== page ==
The Endless Plain

Flatland. From above it’s a table top with dark spills where the water has settled and then, a green splash not exactly in the middle. It’s dust colored, pale gray brown dust, a change from the reddish soil from the higher, greener altitude of the rim.

In the crater it’s grassy and there are zebras and gazelles and a giant bull elephant far far in the distance, standing out against the green. He is massive, a three story building seen from a great distance, his sweeping white tusks stand out against his wet concrete color. Also in the distance, the outline of a black rhino, solitary, his shape rippling in the heat. There is an ostrich, dancing, waving his feathers around in an “s” shape from one wing to the other and back again, his white decorations eye catching against the black of the rest of his body.

There is a family of lions, the same gold color as the grass, a giant male, his mane blackened with age. A lioness steps out of the knee length grass and strides across the road, her strength is clear underneath her fur, her paws are dinner plates, her ears look soft. She yawns and drops in to the grass, then looks back over her shoulder, seemingly annoyed with the line of 25, no, 30 Land Cruisers or Jeeps or other safari rigs standing between her and the companions she’s left on the other side of the road.

The drivers are on cell phones, calling each other – lions here, come see! They do this in the Ngorogoro and again in the Serengeti, the endless space, the endless plain, though more often they stop and chat, windows rolled down, in Swahili. “Just up the road there are…” The rigs rattle and race to the next stop throwing plumes of dust behind them.

The road crawls out of the crater and then, down to an empty space. There are a dozen camels under a tree, untethered, and then, a Masai man appears seemingly from nowhere – “Bracelet, one dollar?”  Out the window, four boys, all in black, their faces are covered with thick white paint down to just below their cheekbones. Later, three kids in bright colors muted by the dust, jumping in unison, singing, their voices float into the car window and then, they’re gone, the sound is gone.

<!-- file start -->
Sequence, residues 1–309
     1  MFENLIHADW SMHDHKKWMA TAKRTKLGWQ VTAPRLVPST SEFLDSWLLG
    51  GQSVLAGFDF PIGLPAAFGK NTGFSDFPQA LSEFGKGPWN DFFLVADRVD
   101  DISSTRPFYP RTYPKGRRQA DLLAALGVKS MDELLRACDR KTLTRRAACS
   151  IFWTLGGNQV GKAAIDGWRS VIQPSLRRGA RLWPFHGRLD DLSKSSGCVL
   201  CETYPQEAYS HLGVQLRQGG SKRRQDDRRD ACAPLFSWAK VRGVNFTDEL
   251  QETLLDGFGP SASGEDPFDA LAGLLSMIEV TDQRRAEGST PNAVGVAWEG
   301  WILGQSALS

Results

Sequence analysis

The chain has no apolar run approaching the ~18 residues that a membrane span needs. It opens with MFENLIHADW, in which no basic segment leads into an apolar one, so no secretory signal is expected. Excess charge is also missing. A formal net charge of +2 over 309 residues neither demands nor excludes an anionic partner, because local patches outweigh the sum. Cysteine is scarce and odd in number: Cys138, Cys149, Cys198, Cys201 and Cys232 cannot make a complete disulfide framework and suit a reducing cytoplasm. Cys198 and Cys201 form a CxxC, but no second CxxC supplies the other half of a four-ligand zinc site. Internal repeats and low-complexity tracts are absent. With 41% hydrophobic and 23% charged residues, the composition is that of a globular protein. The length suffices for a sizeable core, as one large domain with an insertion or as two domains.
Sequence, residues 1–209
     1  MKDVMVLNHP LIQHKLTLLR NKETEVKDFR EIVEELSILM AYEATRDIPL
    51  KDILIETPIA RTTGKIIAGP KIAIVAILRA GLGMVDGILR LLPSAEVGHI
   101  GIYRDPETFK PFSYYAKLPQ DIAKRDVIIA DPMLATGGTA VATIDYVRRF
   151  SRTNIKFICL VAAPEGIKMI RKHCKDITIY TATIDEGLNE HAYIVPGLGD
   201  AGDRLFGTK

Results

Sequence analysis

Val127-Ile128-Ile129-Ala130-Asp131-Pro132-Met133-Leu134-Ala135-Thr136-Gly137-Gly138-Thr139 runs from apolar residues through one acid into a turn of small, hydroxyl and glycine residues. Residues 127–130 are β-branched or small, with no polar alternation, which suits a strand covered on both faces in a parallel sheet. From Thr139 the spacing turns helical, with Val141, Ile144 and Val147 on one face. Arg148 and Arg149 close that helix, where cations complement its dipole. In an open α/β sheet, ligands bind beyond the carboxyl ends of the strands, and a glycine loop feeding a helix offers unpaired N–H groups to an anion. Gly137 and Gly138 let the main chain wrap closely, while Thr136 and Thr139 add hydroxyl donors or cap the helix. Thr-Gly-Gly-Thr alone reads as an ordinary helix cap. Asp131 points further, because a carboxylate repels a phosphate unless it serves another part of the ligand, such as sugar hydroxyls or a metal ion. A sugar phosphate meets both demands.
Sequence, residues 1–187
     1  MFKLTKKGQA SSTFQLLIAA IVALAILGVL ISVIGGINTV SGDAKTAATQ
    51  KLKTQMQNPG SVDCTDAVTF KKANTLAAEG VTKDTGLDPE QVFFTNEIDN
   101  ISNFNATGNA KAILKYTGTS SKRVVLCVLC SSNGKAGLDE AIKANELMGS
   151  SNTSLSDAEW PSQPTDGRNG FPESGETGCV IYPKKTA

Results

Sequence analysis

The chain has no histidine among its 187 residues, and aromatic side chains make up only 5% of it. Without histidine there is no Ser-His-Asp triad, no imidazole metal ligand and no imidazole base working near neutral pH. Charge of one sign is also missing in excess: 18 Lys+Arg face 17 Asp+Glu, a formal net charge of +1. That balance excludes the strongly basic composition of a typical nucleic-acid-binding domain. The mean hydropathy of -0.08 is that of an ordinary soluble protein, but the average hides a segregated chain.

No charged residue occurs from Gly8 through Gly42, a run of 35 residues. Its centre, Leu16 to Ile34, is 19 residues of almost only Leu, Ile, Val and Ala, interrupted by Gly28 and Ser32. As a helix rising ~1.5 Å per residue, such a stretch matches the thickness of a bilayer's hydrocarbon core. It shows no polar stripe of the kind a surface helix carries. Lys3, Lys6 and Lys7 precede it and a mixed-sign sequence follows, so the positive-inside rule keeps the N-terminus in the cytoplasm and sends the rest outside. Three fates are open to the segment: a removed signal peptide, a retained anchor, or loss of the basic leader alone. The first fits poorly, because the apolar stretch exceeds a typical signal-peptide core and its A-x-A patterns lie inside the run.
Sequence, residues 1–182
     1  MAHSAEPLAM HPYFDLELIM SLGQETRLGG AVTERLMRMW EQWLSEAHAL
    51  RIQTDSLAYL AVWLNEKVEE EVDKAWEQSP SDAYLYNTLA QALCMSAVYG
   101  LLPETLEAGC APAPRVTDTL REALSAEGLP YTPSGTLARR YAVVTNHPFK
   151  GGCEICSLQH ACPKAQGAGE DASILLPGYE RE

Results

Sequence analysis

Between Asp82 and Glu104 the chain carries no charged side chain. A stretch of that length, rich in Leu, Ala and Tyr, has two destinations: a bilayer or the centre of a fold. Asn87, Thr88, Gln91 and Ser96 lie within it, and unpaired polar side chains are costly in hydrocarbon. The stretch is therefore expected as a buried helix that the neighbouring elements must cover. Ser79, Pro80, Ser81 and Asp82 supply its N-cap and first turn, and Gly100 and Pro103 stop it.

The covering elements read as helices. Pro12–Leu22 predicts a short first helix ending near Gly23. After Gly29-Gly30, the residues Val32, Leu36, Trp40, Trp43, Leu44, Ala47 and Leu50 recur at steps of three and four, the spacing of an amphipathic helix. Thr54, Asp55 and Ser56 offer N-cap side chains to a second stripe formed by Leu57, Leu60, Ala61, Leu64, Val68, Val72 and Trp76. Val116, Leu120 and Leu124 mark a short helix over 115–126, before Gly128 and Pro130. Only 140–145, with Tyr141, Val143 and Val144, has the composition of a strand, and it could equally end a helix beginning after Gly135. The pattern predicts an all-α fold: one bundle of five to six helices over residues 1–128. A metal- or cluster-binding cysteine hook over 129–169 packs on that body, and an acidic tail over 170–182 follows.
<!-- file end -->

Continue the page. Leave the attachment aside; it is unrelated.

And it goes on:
A smeary gray sky hangs over the Serengeti, in the distance, the sky is streaked with alternating streaks of rain and silver light where the sun slices through the clouds. The air smells of wet grass, of heat, of diesel and exhaust of sunscreen. Zebras and gazelles and impalas cross the washboard road. Sometimes they pause, waiting for the vehicles to pass and then, continue, in long lines that reach to the horizon. They are coming from a place out of site on one side of the road and going to a place out of site on the other side of the road. The animals that are in motion walk with great purpose. A herd of elephants in the blurry distance moves in a line, a trio of cheetahs walk through the grass while the zebras watch, their ears tilted towards the cats as they pass. If they are not moving, the stand and graze, or doze, like the little rock hyraxes high on granite boulders.

Everything looks like everything else. A broken acacia stump is a leopard with two curved ears. A smooth round rock in the water is a hippo. A termite mound is a lion. A stand of granite boulders is an elephant, the checkerboard neck of a giraffe is – unmistakable as a giraffe. The colors are brown a burnt golden brown, and gray, and then, sometimes, where there is water, there is a bright shock of green. From one side the contrast of zebras is lost, from the other side they are black and white stripes, softened only at dusk and dawn with the pink light of a sun low in the sky.

At night, there are eyes in the bush and the spooky sound of lions calling to each other. There are birds that sing in the darkness, and chirping noises from lizards and the weird barking of zebras, almost dog-like. There is the buzz and click of insects, and the sound of wind and the rattle of the tent fly. Instead of a dark sky full of stars, there is an nearly complete moon and pale things are leafed with reflected moonlight. Things move, everywhere, the spiky thorns in the trees, hyenas looking for dropped candy bars and leftover kills, the grass pushed by the wind in all directions. The Serengeti, the endless plain, is wild with life, while I stand small just outside the edge of the dusty campground, looking into the night.

My travels to East Africa were sponsored by Intrepid Travel as part of their “classic journeys” campaign.” Most – but not all – of my expenses were paid for by Intrepid Travel.

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